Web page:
COMMENTARY | Arizona State University, University of Oregon, Northern Arizona University, University of Nevada-Reno, Oregon State University, and the University of Hawaii at Manoa. What do these colleges all have in common? Each university has seen a triple-digit percent increase in the number of California freshmen students enrolling in their campus. Nearly 27,300 students left California in 2010, up 90 percent in the last decade. California's declining support of education, combined with large numbers of qualified applicants, has made out-of-state college a very attractive option.
As the number of California students accepted to out-of-state colleges grows, California has increased its own efforts to recruit out-of-state students. More students leave the state, however, than come here for our university system. Increased cost and declining access to courses may be a factor.
While California college tuitions have nearly tripled in the last few years, formerly unaffordable out-of-state colleges are offering attractive financing options, making places like Arizona and Oregon comparable in price to CSU and UC schools and appealing to California kids tired of large class sizes and rigorous admissions. Arizona State tuition seems steep at $22,000, compared to CSU at $6,500, but with better access to classes, many students are able to complete their degrees in four years out of state, compared to five years in California. With a degree, students can enter the workforce a year earlier than their California counterparts, thus saving thousands of dollars in tuition.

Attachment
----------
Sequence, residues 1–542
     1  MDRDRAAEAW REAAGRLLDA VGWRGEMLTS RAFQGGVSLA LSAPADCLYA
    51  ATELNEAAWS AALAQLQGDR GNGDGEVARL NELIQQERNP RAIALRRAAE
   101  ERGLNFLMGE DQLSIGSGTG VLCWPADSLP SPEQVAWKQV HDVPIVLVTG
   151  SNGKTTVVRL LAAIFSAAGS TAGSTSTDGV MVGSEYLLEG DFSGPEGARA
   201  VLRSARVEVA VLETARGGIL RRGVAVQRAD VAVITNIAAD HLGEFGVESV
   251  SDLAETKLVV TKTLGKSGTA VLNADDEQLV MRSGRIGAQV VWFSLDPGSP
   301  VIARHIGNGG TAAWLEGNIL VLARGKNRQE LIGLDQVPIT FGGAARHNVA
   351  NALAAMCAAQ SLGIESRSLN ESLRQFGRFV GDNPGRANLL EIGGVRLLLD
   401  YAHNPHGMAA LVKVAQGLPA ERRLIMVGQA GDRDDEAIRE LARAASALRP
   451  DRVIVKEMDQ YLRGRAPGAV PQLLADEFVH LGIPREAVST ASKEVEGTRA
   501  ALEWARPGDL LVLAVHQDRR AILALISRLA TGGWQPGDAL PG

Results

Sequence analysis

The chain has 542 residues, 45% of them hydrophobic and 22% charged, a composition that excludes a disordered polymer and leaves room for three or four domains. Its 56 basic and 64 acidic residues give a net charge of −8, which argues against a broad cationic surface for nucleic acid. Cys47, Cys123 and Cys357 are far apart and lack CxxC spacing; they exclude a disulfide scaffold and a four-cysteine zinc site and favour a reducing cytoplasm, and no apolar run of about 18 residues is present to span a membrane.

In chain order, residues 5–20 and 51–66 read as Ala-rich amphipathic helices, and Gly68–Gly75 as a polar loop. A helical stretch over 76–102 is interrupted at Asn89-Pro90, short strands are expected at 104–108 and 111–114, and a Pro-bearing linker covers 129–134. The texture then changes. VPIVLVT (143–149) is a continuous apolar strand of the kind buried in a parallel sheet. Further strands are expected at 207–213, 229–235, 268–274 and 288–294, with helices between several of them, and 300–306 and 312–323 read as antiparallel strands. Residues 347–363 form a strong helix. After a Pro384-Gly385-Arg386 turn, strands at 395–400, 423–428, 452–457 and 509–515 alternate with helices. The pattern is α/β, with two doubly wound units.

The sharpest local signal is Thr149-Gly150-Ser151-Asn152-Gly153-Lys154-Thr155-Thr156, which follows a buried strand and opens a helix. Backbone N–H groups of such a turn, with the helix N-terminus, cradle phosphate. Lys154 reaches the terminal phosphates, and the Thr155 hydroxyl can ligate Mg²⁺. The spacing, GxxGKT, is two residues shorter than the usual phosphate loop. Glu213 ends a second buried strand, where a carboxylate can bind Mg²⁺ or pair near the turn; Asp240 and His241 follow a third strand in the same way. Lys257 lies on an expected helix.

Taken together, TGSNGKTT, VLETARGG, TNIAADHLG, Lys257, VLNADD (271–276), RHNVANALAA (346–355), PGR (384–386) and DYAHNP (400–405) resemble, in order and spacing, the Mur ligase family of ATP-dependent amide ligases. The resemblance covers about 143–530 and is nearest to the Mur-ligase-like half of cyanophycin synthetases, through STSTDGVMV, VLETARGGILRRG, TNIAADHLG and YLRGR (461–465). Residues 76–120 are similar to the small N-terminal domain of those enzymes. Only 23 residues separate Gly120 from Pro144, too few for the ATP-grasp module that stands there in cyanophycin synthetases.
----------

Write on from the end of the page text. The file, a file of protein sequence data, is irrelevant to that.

But what happens to those students who are in the middle? The ones who don't meet the ever-increasing admissions requirements for CSU or UC, but cannot afford out-of-state tuition? Where do they end up? Community colleges are over-enrolled, and students there find it difficult to take necessary classes to transfer.
How long will it take the California leaders and public to realize what is happening to our education system? While California still can boast of high numbers of high school graduates, it's only a matter of time before our own students will not be able to continue their education here, allowing other states to benefit from their innovative ideas and dedication to personal advancement.
When California students leave the state, I'm not sure they'll ever be back. What will that do to our long-term economic challenges? What will it take for this vicious cycle to stop? We must reform California's higher education system to stop the brain drain to neighboring states. We must keep our students here, where they can give back to their hometowns and communities.
Jennifer Wolfe is a mom to a tween and a teen, as well as a middle school teacher in California. She has degrees in elementary and secondary education and has taught for 21 years.
- Oregon State University
- Northern Arizona University
- Arizona State University
- University of Oregon